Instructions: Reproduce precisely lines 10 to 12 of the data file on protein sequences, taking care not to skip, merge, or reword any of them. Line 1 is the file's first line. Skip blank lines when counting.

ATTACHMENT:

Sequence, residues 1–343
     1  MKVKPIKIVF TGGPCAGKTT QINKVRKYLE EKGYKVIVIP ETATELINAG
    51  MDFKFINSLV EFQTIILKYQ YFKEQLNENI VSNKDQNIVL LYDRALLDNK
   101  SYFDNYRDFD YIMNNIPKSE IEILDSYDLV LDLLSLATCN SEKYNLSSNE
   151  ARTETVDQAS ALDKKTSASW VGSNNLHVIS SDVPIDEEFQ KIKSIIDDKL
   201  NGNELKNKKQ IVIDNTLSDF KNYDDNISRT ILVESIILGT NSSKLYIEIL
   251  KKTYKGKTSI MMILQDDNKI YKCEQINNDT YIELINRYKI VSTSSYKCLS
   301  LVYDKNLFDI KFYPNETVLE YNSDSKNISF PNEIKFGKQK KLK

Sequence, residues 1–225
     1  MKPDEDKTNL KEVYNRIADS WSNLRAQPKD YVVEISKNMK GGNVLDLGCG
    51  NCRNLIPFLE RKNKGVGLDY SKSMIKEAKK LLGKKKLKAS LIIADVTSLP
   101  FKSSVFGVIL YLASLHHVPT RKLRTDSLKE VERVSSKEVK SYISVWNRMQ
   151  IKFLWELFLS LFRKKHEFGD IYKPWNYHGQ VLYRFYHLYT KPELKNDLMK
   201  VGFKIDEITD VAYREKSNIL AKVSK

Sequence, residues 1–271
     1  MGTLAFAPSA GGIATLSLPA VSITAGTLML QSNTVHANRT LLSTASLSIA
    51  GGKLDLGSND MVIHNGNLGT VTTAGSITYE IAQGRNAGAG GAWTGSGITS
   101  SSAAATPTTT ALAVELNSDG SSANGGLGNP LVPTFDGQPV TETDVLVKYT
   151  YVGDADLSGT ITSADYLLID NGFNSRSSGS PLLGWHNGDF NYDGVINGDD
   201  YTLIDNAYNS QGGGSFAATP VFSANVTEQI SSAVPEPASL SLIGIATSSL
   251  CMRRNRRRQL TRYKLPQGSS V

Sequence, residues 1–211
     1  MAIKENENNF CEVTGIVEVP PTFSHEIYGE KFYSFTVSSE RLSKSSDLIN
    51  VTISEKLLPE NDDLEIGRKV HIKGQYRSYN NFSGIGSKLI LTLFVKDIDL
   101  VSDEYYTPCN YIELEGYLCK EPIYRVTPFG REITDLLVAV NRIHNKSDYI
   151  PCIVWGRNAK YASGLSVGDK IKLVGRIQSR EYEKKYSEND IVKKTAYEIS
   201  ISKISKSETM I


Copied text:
     1  MKPDEDKTNL KEVYNRIADS WSNLRAQPKD YVVEISKNMK GGNVLDLGCG
    51  NCRNLIPFLE RKNKGVGLDY SKSMIKEAKK LLGKKKLKAS LIIADVTSLP
   101  FKSSVFGVIL YLASLHHVPT RKLRTDSLKE VERVSSKEVK SYISVWNRMQ